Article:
About Zebu Breeds: There is a difference between "miniature Zebu" and "Zebu": which is the common name used for all Bos taurus indicus, or indicine breeds of cattle, AKA tropical cattle or humped cattle. There are some 60-75 breeds of Zebu cattle in the world, that originate from southern India as far back as 6000 B.C. "Zebu" may be used as either singular or plural; "Zebus" is also an acceptable plural form. Zebu cattle have loose dewlaps, thick hides and panniculus muscles (used in twitching) over the entire body to fend off biting flies. They have fine, short glossy hair that reflects hot sunlight and more fully functional sweat glands over their entire body than taurine breeds. Zebus have natural high resistance to pests, flies, ticks, disease, and bloat. They require less "chemical care" (pesticides) and thrive in heat and humidity. On the other hand, Zebus are not recommended for northern climates.

miniature Zebu bull - owned by Phil Vollmer

International Miniature Zebu Association (IMZA), The International Miniature Zebu Association is the oldest (established 1991) and largest registry of miniature zebu cattle. Crawford, NE Phone: 308-665-1431.
American Miniature Zebu Association (AMZA)

Breed History: In 1893, several miniature Zebu cattle were seen at the Chicago World’s Fair. Miniature Zebu were also imported to America in the 1920s as an oddity for display in USA's zoos and zoological gardens. Some also went to Brazil and Africa over the years. Being such excellent little tropical type cattle, miniature Zebu were exported from America to Australia in 1995, and to New Zealand in 2009. The most recent reports indicate there are approximately 2000 registered pure miniature Zebu in the United States.


Pure breeds of Miniature Cattle
Percentage or Composite breeds of Miniature Cattle
  1. Miniature Angus (Lowline)
  2. Miniature Belted Galloway
  3. Miniature British White little Dexter cow
  4. Irish Dexter

  5. Miniature Galloway
  6. Miniature Hereford
  7. Miniature Scottish Highland
  8. Miniature Jersey
  9. Miniature Riggit Galloway
  10. Miniature Native Shorthorn
  11. Square Meater
  12. Miniature Texas Longhorn
  13. Miniature White Galloway
  14. Miniature Zebu
  1. Miniature Baldie
  2. Miniature Beefalo
  3. Miniature Beefmaster
  4. Miniature Belted Galloway
  5. Miniature Braford
  6. Miniature Brahman
  7. Miniature Brangus
  8. Miniature Bucking Bulls
  9. Miniature Highland
  10. Miniature Holstein
  11. Miniature Jersey cattle
  12. Miniature Santa Gertrudis
  13. Toy Sundog
  14. Miniature Watusi
  15. Miniature Western Heritage Cattle
  16. Miniature white park color composites


Breeds of Miniature Cattle

miniature Baldie
AKA: black or red whiteface (BWF, RWF),
AKA: black or red brockle-face (BBF, RBF)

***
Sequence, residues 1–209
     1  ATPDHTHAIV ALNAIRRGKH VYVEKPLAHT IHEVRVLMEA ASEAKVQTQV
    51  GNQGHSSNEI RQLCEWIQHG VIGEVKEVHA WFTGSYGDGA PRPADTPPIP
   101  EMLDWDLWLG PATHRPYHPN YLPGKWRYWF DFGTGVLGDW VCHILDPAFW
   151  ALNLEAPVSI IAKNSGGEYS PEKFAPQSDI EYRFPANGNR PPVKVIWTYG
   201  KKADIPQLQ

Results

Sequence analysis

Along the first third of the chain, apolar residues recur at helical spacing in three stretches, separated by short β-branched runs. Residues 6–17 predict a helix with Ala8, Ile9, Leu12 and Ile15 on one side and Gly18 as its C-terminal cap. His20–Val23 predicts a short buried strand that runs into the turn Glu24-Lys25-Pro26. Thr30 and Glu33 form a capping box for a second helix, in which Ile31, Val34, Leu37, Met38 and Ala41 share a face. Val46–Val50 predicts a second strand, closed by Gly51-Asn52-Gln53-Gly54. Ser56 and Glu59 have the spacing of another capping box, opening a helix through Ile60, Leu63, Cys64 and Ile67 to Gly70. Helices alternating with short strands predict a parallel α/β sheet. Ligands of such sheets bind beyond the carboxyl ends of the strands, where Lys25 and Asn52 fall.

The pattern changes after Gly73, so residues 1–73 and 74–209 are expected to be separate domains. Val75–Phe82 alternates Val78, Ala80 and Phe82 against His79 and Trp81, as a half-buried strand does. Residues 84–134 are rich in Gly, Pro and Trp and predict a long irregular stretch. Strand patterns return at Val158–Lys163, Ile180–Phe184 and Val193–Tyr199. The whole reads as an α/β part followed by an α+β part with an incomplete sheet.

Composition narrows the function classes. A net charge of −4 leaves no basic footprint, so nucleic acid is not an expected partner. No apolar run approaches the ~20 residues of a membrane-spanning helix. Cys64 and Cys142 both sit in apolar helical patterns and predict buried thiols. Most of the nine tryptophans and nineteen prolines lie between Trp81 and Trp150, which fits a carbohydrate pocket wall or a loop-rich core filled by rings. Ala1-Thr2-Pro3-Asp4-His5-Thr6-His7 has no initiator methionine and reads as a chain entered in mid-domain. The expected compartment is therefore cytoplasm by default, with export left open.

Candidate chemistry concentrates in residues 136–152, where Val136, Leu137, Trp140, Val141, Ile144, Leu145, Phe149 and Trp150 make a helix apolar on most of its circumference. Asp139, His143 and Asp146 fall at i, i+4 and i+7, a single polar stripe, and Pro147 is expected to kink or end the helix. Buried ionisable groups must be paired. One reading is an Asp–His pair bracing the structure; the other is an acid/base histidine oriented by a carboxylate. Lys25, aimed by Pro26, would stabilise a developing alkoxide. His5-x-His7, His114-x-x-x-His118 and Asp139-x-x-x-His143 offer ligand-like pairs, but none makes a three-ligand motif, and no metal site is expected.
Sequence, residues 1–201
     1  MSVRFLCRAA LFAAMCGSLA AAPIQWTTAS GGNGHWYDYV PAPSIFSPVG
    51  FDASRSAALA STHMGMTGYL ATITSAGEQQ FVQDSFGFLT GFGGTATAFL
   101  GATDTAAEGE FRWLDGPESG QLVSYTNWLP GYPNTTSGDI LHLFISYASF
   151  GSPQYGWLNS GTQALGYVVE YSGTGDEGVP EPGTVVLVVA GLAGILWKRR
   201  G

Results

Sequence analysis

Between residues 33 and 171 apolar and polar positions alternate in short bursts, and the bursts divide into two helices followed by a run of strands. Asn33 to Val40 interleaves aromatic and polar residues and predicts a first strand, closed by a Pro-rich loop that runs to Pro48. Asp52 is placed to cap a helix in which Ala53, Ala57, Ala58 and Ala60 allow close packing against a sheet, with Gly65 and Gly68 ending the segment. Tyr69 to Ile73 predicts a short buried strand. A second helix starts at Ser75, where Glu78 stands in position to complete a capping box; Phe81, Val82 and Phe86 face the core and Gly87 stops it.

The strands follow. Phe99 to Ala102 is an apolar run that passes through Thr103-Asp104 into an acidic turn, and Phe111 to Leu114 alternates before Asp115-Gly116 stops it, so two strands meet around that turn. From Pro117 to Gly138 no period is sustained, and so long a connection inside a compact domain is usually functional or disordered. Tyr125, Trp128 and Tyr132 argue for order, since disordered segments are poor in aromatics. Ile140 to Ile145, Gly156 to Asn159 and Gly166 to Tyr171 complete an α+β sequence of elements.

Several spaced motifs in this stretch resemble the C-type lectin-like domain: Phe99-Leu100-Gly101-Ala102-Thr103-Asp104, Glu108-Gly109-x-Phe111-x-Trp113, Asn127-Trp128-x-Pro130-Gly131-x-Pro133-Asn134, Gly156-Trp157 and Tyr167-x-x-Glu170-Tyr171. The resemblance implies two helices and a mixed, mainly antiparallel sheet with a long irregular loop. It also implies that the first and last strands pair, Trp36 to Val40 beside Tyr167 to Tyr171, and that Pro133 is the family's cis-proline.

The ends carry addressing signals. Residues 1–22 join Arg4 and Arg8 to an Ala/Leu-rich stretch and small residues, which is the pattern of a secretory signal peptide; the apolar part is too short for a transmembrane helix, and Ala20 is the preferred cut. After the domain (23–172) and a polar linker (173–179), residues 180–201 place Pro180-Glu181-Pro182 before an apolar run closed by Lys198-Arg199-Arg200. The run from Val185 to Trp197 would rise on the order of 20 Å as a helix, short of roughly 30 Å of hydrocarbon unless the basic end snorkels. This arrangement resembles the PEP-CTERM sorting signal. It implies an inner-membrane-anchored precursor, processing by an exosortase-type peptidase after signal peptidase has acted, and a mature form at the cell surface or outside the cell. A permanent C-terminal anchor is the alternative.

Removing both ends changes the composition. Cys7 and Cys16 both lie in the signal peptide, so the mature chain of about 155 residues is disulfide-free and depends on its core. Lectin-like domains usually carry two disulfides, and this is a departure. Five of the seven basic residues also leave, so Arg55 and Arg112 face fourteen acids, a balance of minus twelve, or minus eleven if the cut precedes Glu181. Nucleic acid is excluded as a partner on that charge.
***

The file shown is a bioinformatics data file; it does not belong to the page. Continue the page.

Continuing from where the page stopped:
Breed Description: This is the pattern seen in fullblood miniature Hereford F1 crossbreds. The miniature Baldie is the result of a miniature Hereford X with (usually) a Lowline or a Dexterbrockle face calf, however any fullblood Hereford parent should produce a whiteface (baldie) calf no matter what breed it is crossed with. With bright white faces, pigment over the eyes is desirable to help ward off pinkeye and cancer-eye. Hereford F2 cattle will then often have spotted white faces called brockle-face calves.
black baldie calf
miniature Beefalo
AKA: miniature Bison hybrid
Breed Chondro Status: chondro-free
Breed Description: A composite (fertile hybrid), the Beefalo was developed in the United States during the early 1970's. The Beefalo is 3/8 (37.5%) bison and 5/8th domestic cattle, and must be at least 17% bison to be classified as Beefalo. Animals over 3/8 bison are classified as Bison Hybrids. The Beefalo can vary greatly in appearance but is generally well muscled and often similar in stature to the bison. Many Beefalo have the unique double coat of the bison, making it hardy in both extreme cold and extreme heat. They are very docile in nature. Beefalo can finish with 40 percent less cost input than conventional beef cattle. The USDA regulates & restricts anyone from selling or advertising their meat as Beefalo beef without prior approval & registration with the American Beefalo Association (ABA).
miniauture beefalo: Darla, 1st heifer calf - Billy R Carpenter
(there are only a couple miniature Bison hybrids in N.A.)
miniature Beefmaster
AKA miniature MeatMaster
Breed Chondro Status: chondro-free
Breed Description: miniature composite
Can be polled or horned. Mini Beefmaster breeding programs are in development now for this chondro-free beef composite, blending the best traits of miniature Hereford, miniature Shorthorn and miniature Zebu cattle. It will be a few years until there are enough mini MeatMasters to annouce to the public. This composite is a miniature version of the standard Beefmaster breed which is 1/2 Brahman, 1/4 Shorthorn & 1/4 Hereford.
miniature MeatMaster cow

miniature Belted Galloway (percentage)

Breed Chondro status: *carrier breeds
Breed Description: Various belted composites or percentage cattle. Most registered miniature Belted Galloways in North America are percentage cattle that descend from original miniaturized cattle from using dwarf Dexter or other miniature cattle. Some are quite small and can make excellent pets as well as colorful & hardy little homestead cattle with friendly, quiet dispositions.

mini Beltie composite
miniature Braford

AKA: mini Zeford
Breed Chondro status: chondro-free